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Morien

BotE/W: Lots of damage (also, Squeezing)

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The Lots of Damage in Book of the Estate/Warlord are a bit ad hoc, and I think we can do a bit better. In particular, the drop of the Lord and Lady from Ordinary to Poor is just a flat £3, regardless of the size of the Estate, meaning that while it is -3 Lots in a £10 manor, it is a mere -0.1 Lots in a £300 honour. The standard of living for the rest of the people does scale with income, but while the step down to Poor is -50% to Ordinary, the step from Poor to Impoverished is just -25%, meaning the same relative change (half the before) is a smaller absolute change (-25% rather than -50%).

Finally, since the damage should also affect the Production (stolen horses and goods) from which the servants are paid from, you would actually need to save money in Servants at the same time you are making savings from the CR, or look at the total income instead, not just the CR.

So here is my suggested revision (more math in the very end), which should work for any landholding size:

Lots  Effect
-1       Lose Discretionary Funds.
-2       Servants drop down to Poor.
-3       The Lord and Lady drop down one level in Standard of Living (minimum Ordinary). The officers' bonus pay is reduced.
-4       The Court drops down to Poor.*
-5       The Army drops down to Poor. The Lord and Lady drop down another level (minimum Poor).
-6       Servants drop down to Impoverished.**
-7       The Court drops down to Impoverished. Sale of raw materials.**
-8       The Army and the Lord and Lady drop down to Impoverished.**

* A one-manor knight likely lets his Chaplain go at this point, being unable to afford such a luxury and preferring to keep his wife at Ordinary (or she will want to know the reason why!).

** Like it says in the Book of the Estate, you almost never see such perfect deterioration of circumstances. Rather than keep people at Impoverished, it is much more likely that the Lord downsizes his staff, letting people go. Of course, if times are bad all around rather than this being a result of a raid, this might mean sending people off to starve, but those are the breaks. Seeking extra income in the form of Squeezes (see below), adventuring, tournaments, raiding and war are also very likely. Especially in the case of raiding and war, if any of the knights or soldiers happens to die, that is one less mouth to feed the coming winter... so yay? Releasing retainers (squires, household knights and foot soldiers) from service costs honor (-3 Honor in Book of the Entourage) and risks banditry, as the armed men seek their sustenance in whatever way they can. So usually, the Army is the last to go, also because it is part of the vassal's duty to bring the Army to the muster when the liege calls.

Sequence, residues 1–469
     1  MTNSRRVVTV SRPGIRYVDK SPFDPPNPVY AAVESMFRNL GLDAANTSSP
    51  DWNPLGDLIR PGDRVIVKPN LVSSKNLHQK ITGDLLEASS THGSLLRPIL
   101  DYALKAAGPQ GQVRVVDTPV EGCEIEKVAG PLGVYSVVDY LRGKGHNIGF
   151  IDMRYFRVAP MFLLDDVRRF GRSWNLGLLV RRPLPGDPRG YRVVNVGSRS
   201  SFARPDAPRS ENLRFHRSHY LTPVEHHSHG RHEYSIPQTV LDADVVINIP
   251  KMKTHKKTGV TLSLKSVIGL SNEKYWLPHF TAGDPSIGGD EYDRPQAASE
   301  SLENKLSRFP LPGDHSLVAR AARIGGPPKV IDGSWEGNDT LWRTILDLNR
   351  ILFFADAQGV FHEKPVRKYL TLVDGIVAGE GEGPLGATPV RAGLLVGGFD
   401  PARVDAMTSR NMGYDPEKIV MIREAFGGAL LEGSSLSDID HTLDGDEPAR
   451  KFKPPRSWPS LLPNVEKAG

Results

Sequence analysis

SQUEEZING

Speaking of Squeezing, I think we erred a bit on the strict side on Squeezing, especially at the low end. After all, you want an evil knight to be able to be evil, right? As it is, Squeezing is more of a zero sum game, as you may lose Permanent Lots. With Squeeze 10%, you have 50% chance of losing what you squeezed, and that defeats the purpose. Squeeze 25% probably loses one Lot, too, and has a possibility of losing two, which means that he actually takes a total of -2 + -1 = -3 Lots of damage over two years. Squeeze 50% has the average result of -2 Lots (3 Lots of income lost over 2 years), but can lose 3 Lots, resulting in 3+2+1 = 6 Lots of income lost over 3 years. Squeeze 100% has average -4 Lots, resulting in 4+3+2+1 = 10 Lots of lost income over 4 years. The worst is -5 Lots, resulting in 15 Lots of lost income over 5 years, or a total of -5 'profit'. On the low end, Squeeze 100% can have -3 Lots, resulting only 6 Lots income lost over 3 years, a 'profit' of 4 Lots. Assuming in all cases that the recovery rolls are successful, which they might not be.

To make the Squeezing a bit more fun and tempting, I would drop the 1d2-1 roll from Squeeze 10% and have the penalties just be the adverse Trait rolls: it is tough to be a peasant in Uther's Britain, and if the Lord is just taking 10%, you say 'thank you, milord', and continue working (heck, it is even called 'Negligible'!). I would also make 25% Squeeze into a 30% Squeeze: we don't really use half-lots as it is and this makes it a bit more tempting to do. Although I would add +1 to the trait rolls, making it 1d3+1 rather than preferable to do over the 10% Squeeze one. I think 50% and 100% Squeezes are fine as they are: such harsh squeezing should potentially be damaging over the long-term and should definitely be more of a desperation move. In short, this allows the Player to embrace the Arbitrary and often Cruel nature of Uther Period by Squeezing his peasants a bit whenever he wants to, and just see his bad traits accumulate. Or they can be the good guy in a bad world, and then reap the benefits when Chivalry becomes more of a thing with Arthur.


Math:

Servants are 37.5% of the total income (CR+Production), so dropping them down to poor ought to be -18.75%, and down to Impoverished is -9.375% more. The raw materials can't really go down by itself, since it is a fixed cost, but I figure once you are letting servants go, you might have some back log.

Court is only about 12.5% of the total, so going to Poor is just -6.25%, and Impoverished is just -3.125% more.